I was born closer to the First World War than my children were to the Second, though of course it was the Second that people talked about most. My parents' characters were forged by the Second World War - by rationing and evacuation and air raids and watching the planes fly over.
|Imperial War Museum|
But my mother was born eight years after the end of the First World War and that also shaped her childhood. It also produced that generation of women teachers who had never married, or had been early widowed. The First World War was in my classroom. I knew nothing about my father's family in the First World War - it was never mentioned. My mother's father, an ARP warden in the Second World War, was in the merchant navy in the First and so had an easier time than most. He had three brothers, and I think one was in the 'proper' navy, and one was too young to serve. No one died.
It's easy to think that everyone who went to war was slaughtered, but in fact 90% came back. Fairly obviously, most of us are not descended from those who died, or even who were horribly wounded or traumatised. Those young men were not the ones to marry and have families. They were people like the old man who ran the shop at the end of the lane where I grew up: partly blind, scarily angrily for no apparent reason (not apparent if you're six and just wanted to buy sweets), living alone with a dog and a limp. We remember those who died, but we should also remember those who survived, as it wasn't always the better alternative. And, of course, the families who survived, their lives rent apart by loss or by the return of destroyed young men. We should remember them.
|'Lyricmac', 1982 - creative commons licence|
The Wall existed from soon after I was born until the time I was pregnant with my own first child. As my father made frequent trips to Germany on business, the East/West split was something I was aware of in a shadowy way. When I began to travel in Eastern Europe as a teenager, it was unpopular - seen as fraternising with the enemy. But it was more a keen desire to understand what this 'other' was like that was presented as the enemy.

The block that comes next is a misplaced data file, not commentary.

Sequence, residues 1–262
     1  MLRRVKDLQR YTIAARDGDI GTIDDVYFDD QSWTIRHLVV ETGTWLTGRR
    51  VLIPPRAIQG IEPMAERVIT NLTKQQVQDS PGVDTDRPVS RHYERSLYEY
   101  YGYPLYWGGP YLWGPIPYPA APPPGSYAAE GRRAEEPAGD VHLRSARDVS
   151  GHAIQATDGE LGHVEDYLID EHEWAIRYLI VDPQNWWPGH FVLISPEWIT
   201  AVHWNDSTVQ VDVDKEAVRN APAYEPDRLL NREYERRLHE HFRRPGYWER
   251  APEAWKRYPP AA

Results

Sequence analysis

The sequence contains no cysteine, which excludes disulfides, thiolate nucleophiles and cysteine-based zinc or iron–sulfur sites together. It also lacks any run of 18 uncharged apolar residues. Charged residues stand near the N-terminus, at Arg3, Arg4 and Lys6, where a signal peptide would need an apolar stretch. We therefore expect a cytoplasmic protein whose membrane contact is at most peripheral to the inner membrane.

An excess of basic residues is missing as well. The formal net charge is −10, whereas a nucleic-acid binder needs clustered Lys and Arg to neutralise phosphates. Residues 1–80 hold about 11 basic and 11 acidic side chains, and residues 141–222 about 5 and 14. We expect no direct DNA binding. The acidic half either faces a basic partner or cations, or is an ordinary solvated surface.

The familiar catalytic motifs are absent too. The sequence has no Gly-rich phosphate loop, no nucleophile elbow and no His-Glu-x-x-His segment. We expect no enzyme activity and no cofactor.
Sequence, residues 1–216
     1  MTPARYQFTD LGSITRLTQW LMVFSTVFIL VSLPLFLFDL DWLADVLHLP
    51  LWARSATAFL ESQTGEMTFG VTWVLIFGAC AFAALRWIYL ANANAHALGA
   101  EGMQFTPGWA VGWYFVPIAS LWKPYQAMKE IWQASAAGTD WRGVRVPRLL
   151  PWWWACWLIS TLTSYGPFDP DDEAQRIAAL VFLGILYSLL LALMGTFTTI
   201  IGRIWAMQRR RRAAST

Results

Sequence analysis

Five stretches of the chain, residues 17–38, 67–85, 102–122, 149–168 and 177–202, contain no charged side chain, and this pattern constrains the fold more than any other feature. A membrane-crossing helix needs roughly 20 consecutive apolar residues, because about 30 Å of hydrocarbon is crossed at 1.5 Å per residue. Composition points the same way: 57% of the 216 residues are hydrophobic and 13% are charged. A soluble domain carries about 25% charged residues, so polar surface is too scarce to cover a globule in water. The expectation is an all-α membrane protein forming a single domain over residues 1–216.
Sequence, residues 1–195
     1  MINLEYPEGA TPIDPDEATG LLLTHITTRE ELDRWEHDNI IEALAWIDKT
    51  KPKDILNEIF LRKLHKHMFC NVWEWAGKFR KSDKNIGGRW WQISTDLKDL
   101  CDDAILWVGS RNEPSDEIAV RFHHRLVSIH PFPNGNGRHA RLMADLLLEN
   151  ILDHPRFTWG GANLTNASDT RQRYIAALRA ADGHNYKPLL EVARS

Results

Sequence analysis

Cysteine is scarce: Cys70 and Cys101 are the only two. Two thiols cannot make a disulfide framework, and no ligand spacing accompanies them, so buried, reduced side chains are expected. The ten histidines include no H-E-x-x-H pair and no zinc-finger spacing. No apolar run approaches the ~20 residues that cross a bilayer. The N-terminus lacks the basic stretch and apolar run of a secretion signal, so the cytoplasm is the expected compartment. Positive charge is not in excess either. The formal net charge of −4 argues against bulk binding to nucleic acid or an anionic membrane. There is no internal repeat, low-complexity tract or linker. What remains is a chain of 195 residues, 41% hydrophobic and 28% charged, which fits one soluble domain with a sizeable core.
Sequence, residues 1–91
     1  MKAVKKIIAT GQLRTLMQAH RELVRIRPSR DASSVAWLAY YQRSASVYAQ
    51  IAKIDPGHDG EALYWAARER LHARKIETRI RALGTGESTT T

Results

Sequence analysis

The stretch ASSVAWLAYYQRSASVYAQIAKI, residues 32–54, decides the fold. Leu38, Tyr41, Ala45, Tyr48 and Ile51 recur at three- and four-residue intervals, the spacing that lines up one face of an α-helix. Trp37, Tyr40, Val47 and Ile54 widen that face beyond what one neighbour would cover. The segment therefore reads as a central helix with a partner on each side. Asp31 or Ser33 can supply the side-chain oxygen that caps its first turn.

I was in Budapest when the Wall fell. I went to the railway station to get a ticket to Berlin. It was packed. I realised it wasn't my fight. The people around me wanted to go to Berlin to reach the West. I couldn't take their seat, so went back to the hotel and watched it on TV instead. I would have loved to have been there, but in the end it was better not to be.
My granny didn't kill anyone and was killed by a heart attack, so although I will remember her fondly, she doesn't need much of a paragraph here. Just a loving hello across the lost years.
Mostly, today is about the First World War. The poppies at the Tower of London are an impressive and moving memorial. There will be 888,246 poppies - one for every British soldier who died. Not that there is a definite number of known casualties, but hey, you can't make an approximate number of ceramic poppies. Perhaps there could have been some way to show, though, that we don't even know how many people died. (The figure of 888,246 is the number reported by the War Graves Commission in 2010-2011 and includes names from war memorials and all named burials.) Non-British soldiers who fought for the Empire are not remembered at the Tower, even though The Mirror erroneously stated that the poppies commemorate the '888,246 British and Commonwealth servicemen' killed. The German memorial exhibition in the Deutsches Historisches Museum simply says that 15 million died, without singling out German soldiers for special note (and around twice as many German troops died as British).
|It all looks more real in colour - French troops|
|Edna Gertrude Urwin|
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